How to Use Counterconditioning to Help Repair a Dog Dog Relationship

By: David Codr

Published Date: August 18, 2017

Ginger (left) is a four-year-old Beagle who lives in Omaha with nine-year-old female Cockapoo Marley. The dog’s guardians set up a dog behavior training session with us to get them to stop barking, pay attention better and help Marley feel more comfortable around Ginger who shows infrequent dog aggression to the doodle.

Although Marley came over at the heigh of the excitement for my arrival, she quickly moved away and Ginger remained. This is a subtle yet important interaction to note as it illustrates that Marley still has some uneasiness around Ginger.

I sat down with the guardians to discuss the dog’s backstory, daily life and the dog problems they wanted to fix. I learned the dogs were lacking structure which likely resulted in them both trying to move into the top dog spot. Conflicts about this position are almost assuredly a contributing factor to Ginger occasionally displaying dog aggression going after Marley.

I suggested some rules and ways to enforce them along with ways to add structure to their interactions. Petting with a purpose and passive training are great forms of positive dog training that have big results when done on a regular basis.

Being able to redirect a dog away from something before they get into trouble is a strategy I share with many of my dog behavior clients. My preferred method for this is to train a dog to focus. You can watch me go over this basic dog training exercise in the video below.

Once Ginger can maintain a focus exercise for 20 seconds, it should be strong enough to turn her attention away from Marley before any future dog aggression incidents occur. This is why I frequently show my clients how to train a dog to focus.

It will be important for Ginger’s guardians to recognize her warning signs so that they can use the focus exercise to redirect her before she goes after Marley. Suddenly stopping or freezing is a big one to look for. Staring, either directly at or from the side is another common dog warning. Others include tail going straight up, ear rotating up and forward, hackles (hair on the back) standing up, licking of lips, breathing heavily or holding breath and baring teeth can all be signals.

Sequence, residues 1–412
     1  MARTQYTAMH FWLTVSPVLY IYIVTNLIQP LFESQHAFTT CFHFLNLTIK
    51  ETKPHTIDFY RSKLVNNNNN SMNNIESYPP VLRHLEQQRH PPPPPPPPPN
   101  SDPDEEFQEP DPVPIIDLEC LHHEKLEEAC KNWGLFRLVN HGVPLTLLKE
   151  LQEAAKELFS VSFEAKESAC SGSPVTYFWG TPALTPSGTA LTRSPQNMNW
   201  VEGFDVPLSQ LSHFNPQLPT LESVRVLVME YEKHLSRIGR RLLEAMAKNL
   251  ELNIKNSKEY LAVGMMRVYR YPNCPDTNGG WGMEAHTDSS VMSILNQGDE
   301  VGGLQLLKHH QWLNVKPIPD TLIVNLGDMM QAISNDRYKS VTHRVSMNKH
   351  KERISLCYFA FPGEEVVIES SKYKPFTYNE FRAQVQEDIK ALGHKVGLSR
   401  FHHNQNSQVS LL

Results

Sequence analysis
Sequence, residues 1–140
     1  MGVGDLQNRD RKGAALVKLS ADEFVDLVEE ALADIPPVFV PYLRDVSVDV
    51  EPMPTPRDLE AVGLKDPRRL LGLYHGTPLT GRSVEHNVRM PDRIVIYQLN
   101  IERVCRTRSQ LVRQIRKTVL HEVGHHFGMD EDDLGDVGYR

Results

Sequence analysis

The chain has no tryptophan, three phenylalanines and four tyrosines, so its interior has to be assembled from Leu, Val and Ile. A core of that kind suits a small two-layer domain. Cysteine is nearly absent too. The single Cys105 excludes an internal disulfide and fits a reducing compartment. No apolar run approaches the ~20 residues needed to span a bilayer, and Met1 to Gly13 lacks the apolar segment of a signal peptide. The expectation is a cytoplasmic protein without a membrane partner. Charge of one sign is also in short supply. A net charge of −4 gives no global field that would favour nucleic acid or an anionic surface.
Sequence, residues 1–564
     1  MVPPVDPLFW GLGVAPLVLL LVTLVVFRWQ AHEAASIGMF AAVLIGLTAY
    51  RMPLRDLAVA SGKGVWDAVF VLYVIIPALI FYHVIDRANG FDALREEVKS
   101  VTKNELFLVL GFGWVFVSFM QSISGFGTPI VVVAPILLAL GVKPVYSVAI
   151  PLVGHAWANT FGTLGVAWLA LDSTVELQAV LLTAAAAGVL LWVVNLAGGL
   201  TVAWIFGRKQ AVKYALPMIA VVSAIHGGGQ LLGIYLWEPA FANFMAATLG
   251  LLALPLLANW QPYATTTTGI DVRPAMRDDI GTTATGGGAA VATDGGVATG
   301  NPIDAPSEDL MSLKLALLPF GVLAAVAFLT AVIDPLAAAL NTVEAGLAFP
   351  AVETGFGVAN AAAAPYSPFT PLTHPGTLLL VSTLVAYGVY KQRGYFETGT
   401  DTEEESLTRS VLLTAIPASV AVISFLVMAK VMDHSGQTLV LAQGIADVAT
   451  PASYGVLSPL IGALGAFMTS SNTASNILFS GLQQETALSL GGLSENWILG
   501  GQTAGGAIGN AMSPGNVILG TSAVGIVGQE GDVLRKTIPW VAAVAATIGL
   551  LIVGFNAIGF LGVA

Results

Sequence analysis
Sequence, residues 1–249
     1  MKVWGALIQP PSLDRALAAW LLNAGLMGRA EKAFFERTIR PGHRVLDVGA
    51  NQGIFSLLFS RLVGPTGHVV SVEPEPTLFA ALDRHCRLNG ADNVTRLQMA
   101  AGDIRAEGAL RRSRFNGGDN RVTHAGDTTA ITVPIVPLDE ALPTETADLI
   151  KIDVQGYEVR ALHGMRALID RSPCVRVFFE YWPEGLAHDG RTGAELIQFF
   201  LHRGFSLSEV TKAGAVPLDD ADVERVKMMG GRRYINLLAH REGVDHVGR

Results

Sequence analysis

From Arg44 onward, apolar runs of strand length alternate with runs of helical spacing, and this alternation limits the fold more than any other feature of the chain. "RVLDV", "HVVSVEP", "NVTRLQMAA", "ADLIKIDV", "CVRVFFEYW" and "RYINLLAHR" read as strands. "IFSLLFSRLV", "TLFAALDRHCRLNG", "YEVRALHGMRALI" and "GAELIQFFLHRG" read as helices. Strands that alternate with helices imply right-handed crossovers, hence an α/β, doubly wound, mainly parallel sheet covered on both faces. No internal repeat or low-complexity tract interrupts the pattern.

Its important to note that there may be times where some of these things happen without them being a warning. That is one of the reasons dog communication is difficult for some people to read.

Later in the session I was trying to get the dogs together to snap a pic and the guardian mentioned Marley wont come and sit near Ginger due to her past dog aggression. As a dog behavior expert, this is always a problem I enjoy helping people fix. I wanted to give the guardian a tool that can help her make Marley feel more comfortable around Ginger before I ended the session.

I pulled out some big value treats and used a counterconditioning exercise to start building up a positive association around Ginger for Marley. You can get this free dog training tip by watching the video below.

I love using positive dog training to solve problems like this. Some trainers still resort to force or dominance based methods (like alpha rolls, shock collars, etc) but these all channel the negative and try to get your dog to obey by luring them through the threat of pain. But if you have a dog that is already anxious or fearful, applying pain or force is the last thing you want to do.

By the end of the session, Marley was walking near and sitting next to Ginger, they were starting to follow the new rules on their own and even sitting to ask for attention.

Its going to be important for the guardians to continue to provide structure, especially for Gracie. The damage of the dog dog relationship can be fixed, but if Gracie doesn’t start identifying as a follower first, another attack on Marley is likely.

Now that the guardians know how to read dog body language and provide the dogs with the structure they need through the dog training and dog behavior tips I shared, they should be able to put Ginger’s infrequent dog hostility behind her for good.

We finished things up by shooting a roadmap to success video which you can watch below.

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This post was written by: David Codr

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